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Space Traveler

Jessica Meir, PhD '09, reflects on her mission to the International Space Station.

Jessica Meir in blue space flight uniform.
NASA astronaut Jessica Meir in the Blue Flight Control Room at NASA’s Johnson Space Center in Houston. Photo Credit: NASA/Bill Ingalls

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This story was published in the Fall 2022 issue of UC San Diego Magazine

NASA astronaut Jessica Meir, PhD ’09, has a passion for our planet. For six months, from September 2019 to April 2020, she watched us from above while aboard the International Space Station (ISS). The station’s observation module, the cupola, provided an unrivalled window to the black void of space, the Earth’s thin band of atmosphere and its extraordinary palette of colors—from rugged landforms to the vastness of the oceans.

While aboard the ISS, Meir and the crew contributed to hundreds of experiments in biology, Earth science, human research, physical sciences and technology development. In October 2019, she and NASA astronaut Christina Koch completed the first all-woman spacewalk, one of three spacewalks Meir completed during her 205 days in space. And in 2020, she was selected as one of eight members of NASA’s Artemis mission, which will send the the first woman and first person of color to the moon by 2025.

UC San Diego Magazine asked Meir to reflect on her first trip to space and what’s next for human space travel.

First all-woman spacewalk

My first spacewalk was only a few weeks after arriving to the International Space Station. Because spacewalks are one of the riskiest things we do in space, I didn’t have the capacity or ability to focus on any kind of historical impact at the time because I needed to have 100% concentration on the job at hand.

It was only the day after it was over that I had time to process the impact of our spacewalk. For me and Christina Koch, my colleague and friend who did the spacewalk with me, we don’t really look at it as a personal achievement. Everybody on board was equally qualified to do spacewalks, it just happened to be Christina and myself who were going out the hatch that day. But we really wanted to pay tribute to the generations of women and other minorities that had been pushing boundaries and breaking glass ceilings: They were the ones that enabled us to be there that day. It was their hard work that made it feel like it was just part of our job. We hope that moment was really a celebratory event for them to revel in their achievements that allowed us to be where we were at that moment. We captured the spirit of so many that day. It is now our responsibility to continue to inspire others to pay it forward.

Great explorations

Going to space definitely changes you. Having seen the Earth from above with your own eyes, you realize just how fragile it is, how special it is, and how we need to protect it. The other thing is you realize just how interconnected we all are. Looking down at the Earth, I see these contiguous land masses where there are no borders, none of these barriers we’ve imposed as humans. Everything is connected. You realize that we truly are one species and we’re in this together for the pandemic and we’re in this together to care for our planet. I also saw just how insignificant we are as humans. When you look down at the planet and see all of this blackness of space around you, you can see how insignificant we are in terms of an entire planet, solar system…universe. That big-picture perspective is so important for people to remember. It’s so easy for all of us as humans to focus on a small, trivial matter that’s in front of us, but it’s really not important. Sometimes we need to be reminded to not pay so much attention to those little things and take that step back. Space just does that for you, and I feel fortunate to have gained that kind of perspective.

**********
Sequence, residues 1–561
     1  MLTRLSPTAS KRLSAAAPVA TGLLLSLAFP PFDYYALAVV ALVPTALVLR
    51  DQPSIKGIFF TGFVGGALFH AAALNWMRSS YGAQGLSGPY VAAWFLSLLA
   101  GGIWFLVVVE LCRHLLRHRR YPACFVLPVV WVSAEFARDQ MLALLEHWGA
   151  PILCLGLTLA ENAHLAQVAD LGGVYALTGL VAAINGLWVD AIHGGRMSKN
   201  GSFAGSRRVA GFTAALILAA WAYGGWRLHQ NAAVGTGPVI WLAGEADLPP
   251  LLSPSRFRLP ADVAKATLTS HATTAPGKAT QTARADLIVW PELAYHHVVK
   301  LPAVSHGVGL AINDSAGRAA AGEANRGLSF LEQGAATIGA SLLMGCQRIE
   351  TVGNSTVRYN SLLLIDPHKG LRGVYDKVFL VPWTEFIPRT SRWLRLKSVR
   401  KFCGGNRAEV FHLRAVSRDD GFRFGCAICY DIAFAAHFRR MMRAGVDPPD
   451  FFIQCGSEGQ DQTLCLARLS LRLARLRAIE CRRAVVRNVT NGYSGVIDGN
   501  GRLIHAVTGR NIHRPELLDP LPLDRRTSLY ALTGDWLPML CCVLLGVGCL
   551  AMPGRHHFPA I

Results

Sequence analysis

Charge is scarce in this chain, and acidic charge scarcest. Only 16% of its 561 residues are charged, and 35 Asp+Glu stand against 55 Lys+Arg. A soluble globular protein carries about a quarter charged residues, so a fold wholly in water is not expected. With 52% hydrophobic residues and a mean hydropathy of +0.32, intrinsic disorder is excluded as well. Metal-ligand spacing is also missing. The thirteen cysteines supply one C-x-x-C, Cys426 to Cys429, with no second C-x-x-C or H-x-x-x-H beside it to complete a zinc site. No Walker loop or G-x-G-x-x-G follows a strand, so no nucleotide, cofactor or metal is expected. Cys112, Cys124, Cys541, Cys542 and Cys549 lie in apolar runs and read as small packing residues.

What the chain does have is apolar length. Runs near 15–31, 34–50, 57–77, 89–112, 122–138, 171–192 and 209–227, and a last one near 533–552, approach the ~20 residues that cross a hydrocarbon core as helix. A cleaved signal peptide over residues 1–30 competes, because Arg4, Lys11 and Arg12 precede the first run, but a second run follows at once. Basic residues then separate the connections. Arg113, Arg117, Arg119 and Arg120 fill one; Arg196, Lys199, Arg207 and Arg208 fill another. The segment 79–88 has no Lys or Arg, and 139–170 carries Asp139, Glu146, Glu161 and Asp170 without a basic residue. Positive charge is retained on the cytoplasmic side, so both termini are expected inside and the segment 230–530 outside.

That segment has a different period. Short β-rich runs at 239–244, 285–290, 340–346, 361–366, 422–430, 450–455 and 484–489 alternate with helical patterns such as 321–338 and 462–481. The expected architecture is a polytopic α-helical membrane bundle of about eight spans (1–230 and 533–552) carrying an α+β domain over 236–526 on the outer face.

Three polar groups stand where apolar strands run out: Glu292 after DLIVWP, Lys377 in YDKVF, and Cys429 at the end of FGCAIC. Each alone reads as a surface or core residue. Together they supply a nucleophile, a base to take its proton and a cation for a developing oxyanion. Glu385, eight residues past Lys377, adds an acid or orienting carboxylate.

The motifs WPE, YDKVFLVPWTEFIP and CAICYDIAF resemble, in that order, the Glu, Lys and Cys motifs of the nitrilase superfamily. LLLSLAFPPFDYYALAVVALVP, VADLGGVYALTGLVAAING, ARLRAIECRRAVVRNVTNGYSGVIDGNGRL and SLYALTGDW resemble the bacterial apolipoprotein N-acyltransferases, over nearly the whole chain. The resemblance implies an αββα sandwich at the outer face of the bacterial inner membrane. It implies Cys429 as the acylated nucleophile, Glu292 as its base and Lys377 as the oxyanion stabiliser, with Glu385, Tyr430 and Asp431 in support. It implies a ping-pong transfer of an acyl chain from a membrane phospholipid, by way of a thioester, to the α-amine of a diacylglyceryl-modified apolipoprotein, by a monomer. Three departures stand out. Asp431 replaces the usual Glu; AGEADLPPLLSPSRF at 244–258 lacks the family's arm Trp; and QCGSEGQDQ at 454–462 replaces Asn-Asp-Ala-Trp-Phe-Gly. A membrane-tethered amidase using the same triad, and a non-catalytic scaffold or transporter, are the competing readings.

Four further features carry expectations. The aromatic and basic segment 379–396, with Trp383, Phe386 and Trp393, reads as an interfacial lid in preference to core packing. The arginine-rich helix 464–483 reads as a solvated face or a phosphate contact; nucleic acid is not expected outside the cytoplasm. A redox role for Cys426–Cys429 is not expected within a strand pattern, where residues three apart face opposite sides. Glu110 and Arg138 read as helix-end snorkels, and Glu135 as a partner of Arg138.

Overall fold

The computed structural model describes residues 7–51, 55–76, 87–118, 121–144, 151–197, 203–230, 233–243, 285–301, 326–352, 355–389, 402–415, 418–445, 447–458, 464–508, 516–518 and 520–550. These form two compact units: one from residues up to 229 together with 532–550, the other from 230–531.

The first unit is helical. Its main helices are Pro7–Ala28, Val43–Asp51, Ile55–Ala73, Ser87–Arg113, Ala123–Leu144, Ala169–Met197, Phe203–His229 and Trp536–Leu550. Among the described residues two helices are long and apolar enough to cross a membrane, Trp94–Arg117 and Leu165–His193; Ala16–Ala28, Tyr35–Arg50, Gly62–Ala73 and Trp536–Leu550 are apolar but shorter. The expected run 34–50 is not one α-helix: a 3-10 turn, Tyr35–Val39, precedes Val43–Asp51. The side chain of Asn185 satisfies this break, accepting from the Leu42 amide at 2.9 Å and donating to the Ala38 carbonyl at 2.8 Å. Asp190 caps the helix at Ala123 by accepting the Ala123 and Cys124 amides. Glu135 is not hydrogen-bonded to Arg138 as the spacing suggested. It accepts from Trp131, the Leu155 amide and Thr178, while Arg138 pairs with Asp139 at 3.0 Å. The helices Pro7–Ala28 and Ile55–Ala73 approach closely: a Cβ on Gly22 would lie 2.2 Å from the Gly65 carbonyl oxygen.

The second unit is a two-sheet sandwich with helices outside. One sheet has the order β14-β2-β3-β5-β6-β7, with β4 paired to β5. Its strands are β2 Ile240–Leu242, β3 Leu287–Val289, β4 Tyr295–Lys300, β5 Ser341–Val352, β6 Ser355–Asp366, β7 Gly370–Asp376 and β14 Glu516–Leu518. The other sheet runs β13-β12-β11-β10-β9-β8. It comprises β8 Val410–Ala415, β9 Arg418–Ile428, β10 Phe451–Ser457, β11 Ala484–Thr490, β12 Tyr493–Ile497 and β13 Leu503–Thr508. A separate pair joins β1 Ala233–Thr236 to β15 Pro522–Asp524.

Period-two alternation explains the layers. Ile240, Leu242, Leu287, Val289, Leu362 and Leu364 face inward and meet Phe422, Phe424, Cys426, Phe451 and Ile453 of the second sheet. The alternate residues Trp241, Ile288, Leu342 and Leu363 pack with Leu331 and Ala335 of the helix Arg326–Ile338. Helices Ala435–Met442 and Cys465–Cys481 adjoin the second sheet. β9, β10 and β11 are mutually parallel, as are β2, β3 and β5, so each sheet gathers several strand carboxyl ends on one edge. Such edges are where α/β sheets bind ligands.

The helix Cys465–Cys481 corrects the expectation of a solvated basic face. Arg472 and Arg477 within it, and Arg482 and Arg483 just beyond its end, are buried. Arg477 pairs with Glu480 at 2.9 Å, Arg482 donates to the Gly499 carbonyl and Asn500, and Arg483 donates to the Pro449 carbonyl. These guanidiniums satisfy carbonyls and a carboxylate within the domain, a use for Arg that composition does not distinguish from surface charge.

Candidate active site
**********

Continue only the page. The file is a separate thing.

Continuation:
Astronauts Jessica Meir and Christina Koch
NASA astronauts Jessica Meir, PhD '09, (left) and Christina Koch (right) put on their spacesuits as they prepare to leave the hatch of the International Space Station and begin the historical first-ever all-female spacewalk.

Commercial space flight

More access to space is better for everyone, no matter what it looks like. Sub-orbital flight that’s offered by a commercial company or our partnership with companies like SpaceX or collaborations that we have for the International Space Station—when we work together in this way, we can leverage great things and enable space to be more open for everyone. Like at the beginning of the aviation industry when it was open to only a select few, you could say that for space travel, we’re there: It’s open to professional astronauts and now a few billionaires as well. Eventually prices will come down and there will be more competition, more options and more opportunities for more people to experience these kinds of things that we’ve been talking about. That’s the way progress happens. Absolutely, I think more ways to get to space for more humans is always a good thing.

In June, the Scripps Institution of Oceanography alumna returned to UC San Diego as the keynote speaker for the All Campus Commencement.
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